The West gets it wrong again on China
Source:  View: 240 Date: 2018-09-14

Remarkable economic achievements are attributable to the socialist market economy and have nothing to do with 'state capitalism'

The United States equates China's economy with "state capitalism", saying a socialist market economy is not a real market economy but a state-led protectionist and mercantilist economy which, it claims, justifies the imposition of high tariffs on Chinese goods.

This is not the first time a Western country has labeled China's economic model as "state capitalism". Some people are recirculating the term in the West now to hide the real reason why the US has resorted to trade protectionism and imposed high tariffs on Chinese imports - namely, its concern over China's development path and economic system.

The US is a self-proclaimed representative of free market economy and free market capitalism, but the government's role has been particularly important in its economic development. Let us not forget, the US resorted to protectionism from its founding to the end of World War II.

In the postwar period, too, the US administration has intervened in the economy to fulfill its self-interest even while promoting trade liberalization, as Keynesianism came to play the dominant role in US economic policymaking. For example, US total government spending increased from 26.8 percent of GDP in 1960 to 41.3 percent in 2010, and the number of government employees increased from more than 4 million in 1940 to more than 22 million in 2010.

Some experts on innovation say that, despite advocating "small government" and "free market", the US has been running massive public investment programs in technology and innovation for decades, which have brought the country great economic benefits. In fact, the US government has always been a central driver of innovation-led growth, from the internet to biotechnology and even shale gas development. After the outbreak of the 2008 global financial crisis, the US once again resorted to state interventionism, and introduced huge financial rescue and fiscal stimulus packages to stabilize its economy.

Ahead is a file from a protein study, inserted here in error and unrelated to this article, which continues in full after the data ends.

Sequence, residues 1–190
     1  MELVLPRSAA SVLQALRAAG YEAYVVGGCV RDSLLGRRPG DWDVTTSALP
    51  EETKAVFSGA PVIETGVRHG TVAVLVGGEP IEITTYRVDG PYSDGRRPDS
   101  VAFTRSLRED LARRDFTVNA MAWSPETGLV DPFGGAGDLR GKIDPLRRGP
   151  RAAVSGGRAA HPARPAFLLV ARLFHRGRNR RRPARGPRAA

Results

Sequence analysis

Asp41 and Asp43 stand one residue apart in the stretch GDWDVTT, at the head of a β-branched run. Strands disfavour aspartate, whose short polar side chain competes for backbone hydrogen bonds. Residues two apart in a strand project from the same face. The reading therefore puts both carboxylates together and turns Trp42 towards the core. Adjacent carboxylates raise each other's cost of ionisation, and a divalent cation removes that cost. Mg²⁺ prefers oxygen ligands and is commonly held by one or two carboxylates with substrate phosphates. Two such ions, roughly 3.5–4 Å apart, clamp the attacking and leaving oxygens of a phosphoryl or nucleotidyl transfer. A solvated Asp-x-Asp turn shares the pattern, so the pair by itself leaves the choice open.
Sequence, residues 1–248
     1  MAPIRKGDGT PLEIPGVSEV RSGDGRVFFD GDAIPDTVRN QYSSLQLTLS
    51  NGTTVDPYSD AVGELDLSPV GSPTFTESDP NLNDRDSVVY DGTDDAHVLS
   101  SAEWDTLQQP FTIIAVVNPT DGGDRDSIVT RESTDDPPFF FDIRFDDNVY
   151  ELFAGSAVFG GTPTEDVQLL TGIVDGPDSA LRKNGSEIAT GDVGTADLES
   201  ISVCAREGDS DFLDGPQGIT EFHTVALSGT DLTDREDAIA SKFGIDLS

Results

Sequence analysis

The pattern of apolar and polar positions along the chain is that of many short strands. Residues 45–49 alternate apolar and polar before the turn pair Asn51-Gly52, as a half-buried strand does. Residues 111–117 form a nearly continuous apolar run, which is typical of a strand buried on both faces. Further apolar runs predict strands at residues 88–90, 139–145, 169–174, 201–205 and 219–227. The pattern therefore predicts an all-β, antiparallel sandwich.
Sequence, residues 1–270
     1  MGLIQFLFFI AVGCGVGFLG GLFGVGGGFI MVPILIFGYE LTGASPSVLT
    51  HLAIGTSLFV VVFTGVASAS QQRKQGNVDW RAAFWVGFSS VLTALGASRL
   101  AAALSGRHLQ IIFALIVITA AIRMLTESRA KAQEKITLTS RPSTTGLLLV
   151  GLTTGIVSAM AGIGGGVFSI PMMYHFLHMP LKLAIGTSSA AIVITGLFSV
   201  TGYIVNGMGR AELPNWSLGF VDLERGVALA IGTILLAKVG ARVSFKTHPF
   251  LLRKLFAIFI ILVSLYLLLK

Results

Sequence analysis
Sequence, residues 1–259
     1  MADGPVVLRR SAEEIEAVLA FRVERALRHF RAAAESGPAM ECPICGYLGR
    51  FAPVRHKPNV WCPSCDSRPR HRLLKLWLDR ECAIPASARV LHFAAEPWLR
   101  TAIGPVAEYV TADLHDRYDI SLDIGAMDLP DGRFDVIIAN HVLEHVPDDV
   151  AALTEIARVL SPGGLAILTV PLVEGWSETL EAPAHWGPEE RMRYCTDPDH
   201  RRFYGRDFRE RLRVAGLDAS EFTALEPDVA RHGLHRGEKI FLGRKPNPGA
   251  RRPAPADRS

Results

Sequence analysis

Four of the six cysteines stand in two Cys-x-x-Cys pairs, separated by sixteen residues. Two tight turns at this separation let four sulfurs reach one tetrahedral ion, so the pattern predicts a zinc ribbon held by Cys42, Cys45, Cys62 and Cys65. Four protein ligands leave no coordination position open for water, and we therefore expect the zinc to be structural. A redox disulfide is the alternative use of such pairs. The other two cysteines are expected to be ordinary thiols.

Since taking office, President Donald Trump and his administration have been using interventionist policies, such as protectionism and immigration control measures, to realize their "America first" goal at the expense of the interests of people around the world. Which shows the "pure" free market economy and "true" laissez-faire that the US bandies about have never existed. Instead, capitalism as we see it today is closely related to "state capitalism". So to label China's socialist market economy as "state capitalism" is to confuse one thing with another.

After the global financial crisis, some developed economies, such as the US and some European countries, faced severe economic difficulties, while China and many other emerging economies maintained relatively strong growth. The resultant rise and fall in the relative strengths of China and the US made the contradictions among the developed economies, and those between the developed world and emerging economies, such as China, increasingly prominent.

Some politicians cannot accept China's rapid but peaceful rise under the leadership of the Communist Party of China, so they use terms such as "state capitalism" to criticize it. The intention of such people is clear: to defend capitalism by pitting "state capitalism" against "liberal capitalism" and creating an atmosphere that would curb the development of developing and emerging market economies, especially China.

On the one hand, such observers try to divert and cover up people's discontent with the profound defects of the capitalist system, and claim free market capitalism is facing a crisis because of the threat posed by "state capitalism". On the other hand, they try to find fault with socialism with Chinese characteristics, so as to distort the attributes of socialist market economy with the aim of shaking people's confidence in the socialist market system, and forcing China to abandon its development path. Their ultimate goal is to contain China's rise.

Such people always use double standards when it comes describing the attributes of "state capitalism". When Western economies need state support for capital accumulation, these people advocate protectionism and state intervention. But when Western economies enjoy competitive advantage, they forcibly promote free trade and require other countries to unconditionally open up their markets, so as to benefit from it. And when the Western economies' competitive advantages fade out due to competition from other economies, including latecomers such as China, they go back to practicing protectionism.